The literary essay

The essay emerges as a writing that has the purpose of transmitting ideas, however, given the formal freedom and malleability that characterize it, in modern times writers found in it also a way to exploit their creativity, with which soon it was incorporated, along with the theater, the narrative and the poetry, to the list of the literary genres.

When we talk about literary essay, we point out that in this type of essays, the aesthetic and creative end of writing is linked to the reflexive process: in the literary essay, not only is the theme or idea to be treated important, but it also enhances the way and the originality in which it is written.

Unlike the academic essay, where the topics to be treated always have a level of formality typical of the academic field, the literary essay can deal with issues of great transcendence and complexity, to everyday and apparently banal issues, but that seek to express the reflective process of its author.

Thus, for example, the Mexican writer Julio Torri wrote an essay on the bicycle, while the Mexican writer José Emilio Pacheco also dedicates one of his essays to cockroaches.

The literary essay is aimed at a general and non-specialized public, so it is usually written without using technical and complex terms, unlike the academic essay, which has readers as specialists in some subject, can use a specialized vocabulary accordingly to the discipline in which it is located.

Insofar as it is considered a branch of creative writing, originality is a fundamental element of literary essay. Such originality can be found both in the subject treated and in the style in which it is written. In the literary essay it is common for the author to use aesthetic resources such as humor, irony, digression and parody, among others.

Given the importance of originality in the literary essay, it is common for the author to project his personal style in writing and it is even common that in the eagerness to project his personality in the writing, the author makes references to his private life.

Structure

Unlike the academic essays where the technicalities and scientific or philosophical concepts are privileged, where what matters most is what matters; in literary essay it matters more how it is said (the form above the background). Therefore, it is common to use literary resources such as humor, irony, digressions, etc.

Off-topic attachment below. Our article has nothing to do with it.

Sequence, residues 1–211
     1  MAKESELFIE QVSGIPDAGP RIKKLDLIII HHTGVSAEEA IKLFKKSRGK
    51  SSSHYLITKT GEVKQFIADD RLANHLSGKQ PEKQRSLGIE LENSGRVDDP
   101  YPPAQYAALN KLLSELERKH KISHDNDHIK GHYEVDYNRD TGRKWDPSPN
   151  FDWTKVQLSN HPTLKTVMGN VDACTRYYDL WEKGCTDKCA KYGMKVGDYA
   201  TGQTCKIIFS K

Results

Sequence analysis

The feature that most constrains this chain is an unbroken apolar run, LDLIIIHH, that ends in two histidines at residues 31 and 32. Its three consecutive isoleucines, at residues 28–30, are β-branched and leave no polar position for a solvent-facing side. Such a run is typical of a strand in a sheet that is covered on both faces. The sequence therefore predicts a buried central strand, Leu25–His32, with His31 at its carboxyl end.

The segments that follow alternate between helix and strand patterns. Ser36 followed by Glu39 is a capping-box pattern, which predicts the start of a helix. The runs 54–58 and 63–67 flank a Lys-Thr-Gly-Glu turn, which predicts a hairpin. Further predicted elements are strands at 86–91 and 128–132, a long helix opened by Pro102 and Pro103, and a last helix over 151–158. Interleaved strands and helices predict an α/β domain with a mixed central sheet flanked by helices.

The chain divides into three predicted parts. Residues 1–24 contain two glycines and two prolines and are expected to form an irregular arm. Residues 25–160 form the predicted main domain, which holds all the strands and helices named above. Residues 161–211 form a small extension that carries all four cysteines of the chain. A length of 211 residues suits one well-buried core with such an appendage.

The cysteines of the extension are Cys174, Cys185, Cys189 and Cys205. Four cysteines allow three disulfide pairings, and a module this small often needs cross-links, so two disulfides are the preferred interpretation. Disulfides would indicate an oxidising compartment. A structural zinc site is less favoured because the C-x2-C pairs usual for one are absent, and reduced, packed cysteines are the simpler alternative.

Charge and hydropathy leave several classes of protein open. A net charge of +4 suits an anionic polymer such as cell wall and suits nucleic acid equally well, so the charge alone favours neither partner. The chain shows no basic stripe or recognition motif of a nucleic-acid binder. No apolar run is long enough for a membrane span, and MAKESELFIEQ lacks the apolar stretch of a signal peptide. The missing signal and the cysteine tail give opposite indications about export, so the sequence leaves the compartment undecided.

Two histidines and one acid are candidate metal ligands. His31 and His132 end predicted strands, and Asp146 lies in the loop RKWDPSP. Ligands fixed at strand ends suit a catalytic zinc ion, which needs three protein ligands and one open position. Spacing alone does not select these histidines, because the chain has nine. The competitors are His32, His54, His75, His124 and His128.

The structure of the essay responds to the style of the essayist and most of the times the content is combined with the form, highlighting both at different moments of the essay. Starting from the fact that the essayist does not intend to deepen the subject scientifically or academically, the structure opens up to the literary resources used by the essayist. However, one characteristic that can not be avoided is the manifestation of the essayist’s personal position on the subject he is dealing with.

Like the academic, the literary essay usually consists of an introduction where the author points out the subject or problem he will speak about, as well as his own position on the subject; a development where he exposes the details of the topic and the arguments for and against the issue to be dealt with and finally a closing or conclusion where the author gives his thesis as proven. However, such a structure is not rigid and it is not necessary for the author to indicate with sub-titles each of the parties, it can even modify the order of these. It is also common to find literary essays written in the form of a divagation, that is, that the author can freely move from one subject to another.

In essay writing it is common to refer to the ideas or works that other authors have written about the same topic that we are dealing with. When in an academic essay we use the ideas or works of other authors, it is required to be clearly informed of where we have taken such information, there are even special formats for it, such as the critical apparatus and the bibliographic citation. However, in the literary or creative essay, this requirement to offer punctual references disappears to favor the agility and amenity of the writing. If in the academic essay it is required that when repeating the idea of ​​an author, the title of the work and the page from which the data is given are reported, in the literary essay the name of the author can only be quoted, without giving the work or place where he said it.

Usually, literary essays appear in isolation in non-specialized journals such as newspapers or magazines, although they can later be brought together in a single volume as a book of essays.